Yet again, we find ourselves horrified and confused by an unprovoked shooting in a public place. We look for explanations, and someone or something to blame. We’re sure there must be a reason for these events, a way to understand their causes, and a means to prevent them in the future.
I don’t think so.
What we’ve learned over and over is that a small group of people — and even an individual — can cause widespread injury, death, and destruction, and with very little effort. The massacre of thousands of human beings in a single day is almost unimaginable, but such a thing has happened hundreds of times, in all regions of the world and in every century of recorded history. In the most recent decades, terrorists have reminded us repeatedly that no one is totally safe.
The natural question is, Why? What compels a person to step so far over the line into madness, to ravage so many lives? What possible benefit could the deranged mind be expecting? And how could it be worth the universal revulsion that’s sure to follow? Like everyone else, I’ve struggled in vain to come up with answers that make sense. But that may be the problem. We’re searching for logic where there is none. Maybe we’re dealing with children in grown-up bodies.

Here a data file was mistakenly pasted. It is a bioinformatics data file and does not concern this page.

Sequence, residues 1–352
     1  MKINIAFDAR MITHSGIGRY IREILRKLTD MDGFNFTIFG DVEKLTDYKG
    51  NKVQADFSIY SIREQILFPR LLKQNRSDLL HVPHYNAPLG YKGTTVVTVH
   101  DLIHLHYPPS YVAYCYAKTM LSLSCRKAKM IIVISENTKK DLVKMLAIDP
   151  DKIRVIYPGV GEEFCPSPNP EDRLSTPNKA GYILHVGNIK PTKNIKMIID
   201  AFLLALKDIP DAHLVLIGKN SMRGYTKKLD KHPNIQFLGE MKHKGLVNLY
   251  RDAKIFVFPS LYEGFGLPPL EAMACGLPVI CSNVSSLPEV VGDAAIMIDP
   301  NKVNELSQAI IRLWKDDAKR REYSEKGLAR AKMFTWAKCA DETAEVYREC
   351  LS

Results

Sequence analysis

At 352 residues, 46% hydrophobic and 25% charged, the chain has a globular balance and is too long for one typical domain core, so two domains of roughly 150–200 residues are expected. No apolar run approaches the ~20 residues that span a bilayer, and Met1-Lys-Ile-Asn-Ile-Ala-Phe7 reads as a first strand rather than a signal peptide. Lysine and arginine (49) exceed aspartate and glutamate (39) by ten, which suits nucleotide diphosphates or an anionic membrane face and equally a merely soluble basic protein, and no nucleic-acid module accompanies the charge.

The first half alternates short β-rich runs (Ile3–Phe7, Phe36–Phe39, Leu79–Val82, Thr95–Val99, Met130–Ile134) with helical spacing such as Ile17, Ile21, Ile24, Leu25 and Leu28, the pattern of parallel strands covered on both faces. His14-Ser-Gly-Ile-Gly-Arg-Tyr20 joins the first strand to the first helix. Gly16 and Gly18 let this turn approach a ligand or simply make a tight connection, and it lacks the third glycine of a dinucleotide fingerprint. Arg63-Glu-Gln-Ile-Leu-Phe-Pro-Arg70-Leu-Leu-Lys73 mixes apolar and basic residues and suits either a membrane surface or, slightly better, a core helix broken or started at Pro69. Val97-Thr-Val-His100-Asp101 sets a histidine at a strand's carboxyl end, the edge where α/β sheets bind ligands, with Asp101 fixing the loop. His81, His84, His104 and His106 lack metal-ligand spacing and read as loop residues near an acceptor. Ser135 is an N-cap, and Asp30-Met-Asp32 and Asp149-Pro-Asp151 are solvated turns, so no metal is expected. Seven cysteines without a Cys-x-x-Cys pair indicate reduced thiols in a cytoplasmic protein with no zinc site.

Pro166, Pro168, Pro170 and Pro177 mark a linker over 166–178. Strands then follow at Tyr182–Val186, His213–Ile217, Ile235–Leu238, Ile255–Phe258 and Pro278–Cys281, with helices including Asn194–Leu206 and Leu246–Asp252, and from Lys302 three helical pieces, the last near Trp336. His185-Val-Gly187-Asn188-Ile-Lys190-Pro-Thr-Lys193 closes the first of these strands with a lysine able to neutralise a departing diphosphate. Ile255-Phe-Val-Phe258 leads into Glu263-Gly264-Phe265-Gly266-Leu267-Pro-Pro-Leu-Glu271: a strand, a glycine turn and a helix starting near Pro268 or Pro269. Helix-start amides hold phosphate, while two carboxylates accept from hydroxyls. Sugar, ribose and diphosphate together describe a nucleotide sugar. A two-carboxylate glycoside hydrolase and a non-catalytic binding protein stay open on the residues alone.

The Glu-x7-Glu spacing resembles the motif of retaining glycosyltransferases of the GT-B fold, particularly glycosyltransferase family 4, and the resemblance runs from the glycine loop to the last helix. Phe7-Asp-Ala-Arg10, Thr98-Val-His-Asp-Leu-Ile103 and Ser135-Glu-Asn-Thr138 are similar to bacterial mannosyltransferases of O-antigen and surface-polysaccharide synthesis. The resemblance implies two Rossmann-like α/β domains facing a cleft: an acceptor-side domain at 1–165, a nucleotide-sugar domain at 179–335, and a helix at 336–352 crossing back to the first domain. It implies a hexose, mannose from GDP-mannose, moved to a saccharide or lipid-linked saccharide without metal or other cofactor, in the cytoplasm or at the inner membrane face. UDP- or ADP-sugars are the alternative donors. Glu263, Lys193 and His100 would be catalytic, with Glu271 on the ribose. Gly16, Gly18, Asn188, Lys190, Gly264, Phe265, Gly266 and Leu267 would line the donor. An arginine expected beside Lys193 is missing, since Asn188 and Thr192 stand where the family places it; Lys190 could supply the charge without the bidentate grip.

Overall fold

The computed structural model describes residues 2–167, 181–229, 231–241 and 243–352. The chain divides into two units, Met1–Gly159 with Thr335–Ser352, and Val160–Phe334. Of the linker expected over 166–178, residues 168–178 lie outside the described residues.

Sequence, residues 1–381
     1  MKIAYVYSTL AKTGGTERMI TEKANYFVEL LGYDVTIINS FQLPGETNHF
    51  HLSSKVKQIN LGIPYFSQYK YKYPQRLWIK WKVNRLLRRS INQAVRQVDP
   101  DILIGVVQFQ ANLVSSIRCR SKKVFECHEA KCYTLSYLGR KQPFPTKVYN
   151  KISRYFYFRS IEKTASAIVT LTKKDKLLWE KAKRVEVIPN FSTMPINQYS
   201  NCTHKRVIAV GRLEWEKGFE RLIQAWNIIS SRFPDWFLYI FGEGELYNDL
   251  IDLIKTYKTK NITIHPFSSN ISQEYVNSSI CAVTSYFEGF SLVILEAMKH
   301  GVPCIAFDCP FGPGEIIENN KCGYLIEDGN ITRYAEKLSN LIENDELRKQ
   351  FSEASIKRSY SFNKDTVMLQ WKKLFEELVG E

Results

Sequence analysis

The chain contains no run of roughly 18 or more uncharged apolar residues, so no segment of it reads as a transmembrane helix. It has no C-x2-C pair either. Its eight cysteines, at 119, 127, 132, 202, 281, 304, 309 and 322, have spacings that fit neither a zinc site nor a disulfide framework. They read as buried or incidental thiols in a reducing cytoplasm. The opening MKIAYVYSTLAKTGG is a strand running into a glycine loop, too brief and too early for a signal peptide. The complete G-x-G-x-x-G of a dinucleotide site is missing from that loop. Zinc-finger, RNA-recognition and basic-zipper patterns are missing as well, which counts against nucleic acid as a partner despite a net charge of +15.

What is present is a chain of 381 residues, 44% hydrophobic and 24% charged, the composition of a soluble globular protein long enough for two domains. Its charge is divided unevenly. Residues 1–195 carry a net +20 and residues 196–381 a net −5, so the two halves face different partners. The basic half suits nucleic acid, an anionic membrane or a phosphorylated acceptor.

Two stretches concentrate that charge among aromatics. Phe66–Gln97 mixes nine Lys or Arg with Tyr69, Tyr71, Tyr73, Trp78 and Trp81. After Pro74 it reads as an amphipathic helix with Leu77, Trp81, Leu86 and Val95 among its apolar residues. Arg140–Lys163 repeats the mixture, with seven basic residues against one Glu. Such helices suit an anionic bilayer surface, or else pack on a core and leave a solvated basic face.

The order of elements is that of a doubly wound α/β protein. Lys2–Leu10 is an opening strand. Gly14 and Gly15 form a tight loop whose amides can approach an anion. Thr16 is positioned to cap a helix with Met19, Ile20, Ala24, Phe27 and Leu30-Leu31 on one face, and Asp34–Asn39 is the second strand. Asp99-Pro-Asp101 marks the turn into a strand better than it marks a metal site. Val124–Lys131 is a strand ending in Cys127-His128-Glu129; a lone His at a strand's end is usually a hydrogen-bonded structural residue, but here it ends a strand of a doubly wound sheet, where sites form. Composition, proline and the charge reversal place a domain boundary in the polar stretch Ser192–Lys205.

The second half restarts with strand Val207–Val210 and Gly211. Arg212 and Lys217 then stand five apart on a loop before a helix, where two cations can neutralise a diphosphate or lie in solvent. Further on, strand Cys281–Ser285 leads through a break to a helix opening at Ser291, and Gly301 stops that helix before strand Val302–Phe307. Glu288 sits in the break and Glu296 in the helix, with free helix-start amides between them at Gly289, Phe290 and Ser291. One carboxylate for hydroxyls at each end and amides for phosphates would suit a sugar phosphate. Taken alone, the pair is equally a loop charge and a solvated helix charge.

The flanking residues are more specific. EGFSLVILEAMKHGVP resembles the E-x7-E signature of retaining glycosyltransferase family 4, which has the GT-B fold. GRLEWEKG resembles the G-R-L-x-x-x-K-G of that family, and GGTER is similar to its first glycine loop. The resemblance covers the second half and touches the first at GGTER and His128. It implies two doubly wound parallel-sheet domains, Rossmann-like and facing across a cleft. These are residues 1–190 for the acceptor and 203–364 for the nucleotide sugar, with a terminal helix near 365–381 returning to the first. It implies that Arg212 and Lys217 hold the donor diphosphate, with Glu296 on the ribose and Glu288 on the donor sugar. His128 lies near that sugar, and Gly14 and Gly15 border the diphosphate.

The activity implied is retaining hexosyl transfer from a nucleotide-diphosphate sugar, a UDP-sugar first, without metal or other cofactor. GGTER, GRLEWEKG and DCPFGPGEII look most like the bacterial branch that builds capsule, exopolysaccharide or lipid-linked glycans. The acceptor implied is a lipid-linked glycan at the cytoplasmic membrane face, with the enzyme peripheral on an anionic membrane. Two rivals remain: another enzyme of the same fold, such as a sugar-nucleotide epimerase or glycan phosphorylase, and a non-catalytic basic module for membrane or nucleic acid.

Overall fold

When we’re born, and for many months afterward, we are completely self-centered. We have basic physical and emotional needs, and we’re helpless to meet them on our own. So we scream and kick our legs until we get what we want. Later, after we’ve learned to move around and grab objects, we also discover the ability to break things. Give a three-year-old boy a plastic car that runs on a track and he’ll watch, fascinated, for about thirty seconds. Then he’ll begin to tear the track apart and pull the doors off the car. Turning order into disorder gives him a feeling of power, and he likes it. I’d guess that we all did, at first. But at some point, society steps in and starts laying down the rules. Our rights as individuals are often incompatible with those of the larger group, and something has to give. What gives, almost always, is our natural tendencies. We don’t want to stop at the red light, but we do, because we can anticipate the result if we didn’t — and we trust the other drivers to do the same, and for the same reason. But still, the urge is there. At three o’clock in the morning, when we’re the only ones on the road, the temptation reappears, and we can hear the debate inside our heads.